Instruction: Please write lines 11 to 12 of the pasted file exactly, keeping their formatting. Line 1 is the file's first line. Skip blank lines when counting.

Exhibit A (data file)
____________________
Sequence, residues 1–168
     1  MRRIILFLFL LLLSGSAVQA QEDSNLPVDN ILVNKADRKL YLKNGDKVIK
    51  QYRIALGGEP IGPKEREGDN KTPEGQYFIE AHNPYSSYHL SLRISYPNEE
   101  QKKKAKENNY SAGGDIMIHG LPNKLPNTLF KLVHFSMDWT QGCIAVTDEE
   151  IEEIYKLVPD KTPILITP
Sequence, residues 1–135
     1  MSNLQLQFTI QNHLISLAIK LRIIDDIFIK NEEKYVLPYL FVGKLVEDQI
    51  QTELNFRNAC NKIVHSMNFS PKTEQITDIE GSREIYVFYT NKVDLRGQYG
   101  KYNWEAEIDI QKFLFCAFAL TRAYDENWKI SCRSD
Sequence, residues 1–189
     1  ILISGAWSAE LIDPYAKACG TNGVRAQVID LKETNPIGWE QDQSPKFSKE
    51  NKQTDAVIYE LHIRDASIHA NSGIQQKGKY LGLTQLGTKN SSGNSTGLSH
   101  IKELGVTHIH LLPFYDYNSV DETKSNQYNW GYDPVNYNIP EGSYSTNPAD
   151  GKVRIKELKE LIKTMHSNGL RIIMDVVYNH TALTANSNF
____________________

     1  ILISGAWSAE LIDPYAKACG TNGVRAQVID LKETNPIGWE QDQSPKFSKE
    51  NKQTDAVIYE LHIRDASIHA NSGIQQKGKY LGLTQLGTKN SSGNSTGLSH